United States District Court, S.D. Alabama, Southern Division
WILLIAM H. STEELE, Chief District Judge.
This matter comes before the Court on defendants' Motion to Dismiss (doc. 23) pursuant to Rules 12(b)(1) and 12(b)(6), Fed.R.Civ.P. The Motion has been briefed and is now ripe for disposition on an expedited basis.
I. Relevant Background.
Plaintiff, Spooner Petroleum Company, brought this action in this District Court against defendants, John J. Utsey, Julie W. Utsey, John Jefferson Utsey Investments, LLC, and Treobye B. Utsey, as Trustee of the William L. Utsey Grandchildren's Trust. Well-pleaded factual allegations in the Complaint reflect that Spooner is preparing to conduct a "geophysical 3D seismic survey" exploring for prospective oil and gas properties in a 65 square-mile area near the City of Butler in Choctaw County, Alabama (the "Butler Survey"). (Doc. 1, ¶ 13.) The Complaint further alleges that "Spooner and its partners have spent approximately $2.2 million in leases, permits and other project costs in preparation for the survey, " including obtaining permits from more than 600 individual surface owners. ( Id., ¶ 14.)
According to the Complaint, a major obstacle to Spooner's ability to move forward with the Butler Survey is that defendants own 21 tracts of real property (the "Utsey Tracts") located near the geographical center of the Butler Survey. ( Id., ¶¶ 12, 15.) Spooner alleges that it has obtained mineral permits and/or leases executed by mineral rights owners for each of those parcels, and that such permits and leases confer upon it a right to acess the surface of the Utsey Tracts to conduct the Butler Survey, but that defendants have nonetheless refused to allow Spooner onto those tracts. ( Id., ¶¶ 16-19.) Spooner alleges that this state of affairs places it in a bind because (i) the mineral permits and oil/gas/mineral leases it has obtained at great expense to conduct the Butler Survey have a limited shelf life, with expiration dates looming "soon, " and (ii) because of "the central location and large size" of the Utsey Tracts, seismic data from those tracts "is essential to providing a complete and accurate seismic survey of the area." ( Id., ¶¶ 15, 24.)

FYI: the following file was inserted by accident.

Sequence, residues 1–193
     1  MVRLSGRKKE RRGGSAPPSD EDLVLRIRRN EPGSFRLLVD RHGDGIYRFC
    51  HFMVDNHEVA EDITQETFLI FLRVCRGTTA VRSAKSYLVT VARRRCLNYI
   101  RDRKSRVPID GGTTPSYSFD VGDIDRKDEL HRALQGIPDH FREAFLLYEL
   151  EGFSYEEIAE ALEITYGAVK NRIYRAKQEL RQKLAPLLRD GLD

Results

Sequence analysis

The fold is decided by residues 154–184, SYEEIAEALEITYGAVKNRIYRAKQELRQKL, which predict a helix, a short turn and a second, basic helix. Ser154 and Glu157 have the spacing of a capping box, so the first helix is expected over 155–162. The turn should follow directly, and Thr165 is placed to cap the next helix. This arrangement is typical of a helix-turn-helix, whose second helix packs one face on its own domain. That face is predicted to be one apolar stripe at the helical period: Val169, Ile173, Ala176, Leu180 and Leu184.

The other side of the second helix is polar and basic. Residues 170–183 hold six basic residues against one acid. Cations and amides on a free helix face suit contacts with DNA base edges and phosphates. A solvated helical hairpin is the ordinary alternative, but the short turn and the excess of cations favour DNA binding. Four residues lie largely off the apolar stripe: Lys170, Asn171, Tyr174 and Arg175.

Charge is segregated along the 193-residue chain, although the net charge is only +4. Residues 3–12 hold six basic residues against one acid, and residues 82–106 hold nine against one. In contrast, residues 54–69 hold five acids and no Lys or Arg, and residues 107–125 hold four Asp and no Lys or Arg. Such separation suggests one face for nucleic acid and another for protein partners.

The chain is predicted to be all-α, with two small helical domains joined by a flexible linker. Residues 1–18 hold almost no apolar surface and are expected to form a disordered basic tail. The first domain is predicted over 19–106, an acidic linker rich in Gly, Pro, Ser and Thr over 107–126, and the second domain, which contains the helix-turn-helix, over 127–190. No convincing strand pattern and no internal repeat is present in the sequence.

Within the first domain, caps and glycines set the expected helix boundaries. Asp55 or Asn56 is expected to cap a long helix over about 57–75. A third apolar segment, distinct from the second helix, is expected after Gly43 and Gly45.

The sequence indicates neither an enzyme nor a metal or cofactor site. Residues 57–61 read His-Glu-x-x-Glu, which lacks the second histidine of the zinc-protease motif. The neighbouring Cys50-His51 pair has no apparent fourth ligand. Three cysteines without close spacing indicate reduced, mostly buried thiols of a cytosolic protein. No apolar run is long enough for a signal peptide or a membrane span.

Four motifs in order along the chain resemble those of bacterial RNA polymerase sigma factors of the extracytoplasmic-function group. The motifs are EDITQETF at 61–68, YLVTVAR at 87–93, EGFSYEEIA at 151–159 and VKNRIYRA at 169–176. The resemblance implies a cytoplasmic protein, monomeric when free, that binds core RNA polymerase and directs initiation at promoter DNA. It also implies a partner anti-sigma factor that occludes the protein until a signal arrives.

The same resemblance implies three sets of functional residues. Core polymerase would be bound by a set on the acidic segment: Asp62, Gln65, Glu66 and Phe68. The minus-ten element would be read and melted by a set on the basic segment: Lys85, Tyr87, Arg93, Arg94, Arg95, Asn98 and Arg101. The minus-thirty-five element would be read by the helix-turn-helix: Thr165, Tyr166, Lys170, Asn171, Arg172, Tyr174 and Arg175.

This brings us to the relief sought by Spooner. In Count One of the Complaint, Spooner requests a preliminary and permanent injunction compelling defendants to "immediately allow Spooner and/or its surveying contractors access to the [Utsey Tracts] for the purpose of conducting its seismic surveying work and further preventing the Defendants and said other individuals from interfering, in any way, with the surveying work." ( Id. at 9.) In Count Two, Spooner seeks a declaratory judgment that it is entitled to access the Utsey Tracts to perform the Butler Survey. ( Id. ) And in Count Three, Spooner claims damages pursuant to the following allegations: "The Butler Survey must be accomplished now. Without access to the [Utsey Tracts], Spooner is incurring and will continue to incur damages. Permit crews and survey crews cannot commence their work without access to the Subject Property." ( Id., ¶ 32.)
On May 7, 2015, one day after filing the Complaint, Spooner filed a Motion for Preliminary Injunction (doc. 4) and supporting Brief (doc. 5). In those filings, Spooner reiterated that it has spent more $2.2 million on the Butler Survey to date, that Spooner holds valid mineral permits and/or oil and gas leases covering each of the Utsey Tracts, that defendants have nonetheless refused to allow Spooner access to the Utsey Tracts, and that Spooner will be irreparably harmed if defendants continue to bar it from accessing the Utsey Tracts because those permits and leases will expire in the near future. The Court entered an expedited briefing schedule on the Motion for Preliminary Injunction. ( See doc. 9.) On May 22, 2015, the final day of that briefing period, defendants filed their Motion to Dismiss (doc. 23), challenging the existence of federal jurisdiction and particularly focusing on the requisite amount in controversy. (The Motion to Dismiss also asserts that the Complaint fails to state a claim for damages.) Briefing on the Motion for Preliminary Injunction was suspended until such time as the jurisdictional issue can be resolved. ( See doc. 26.)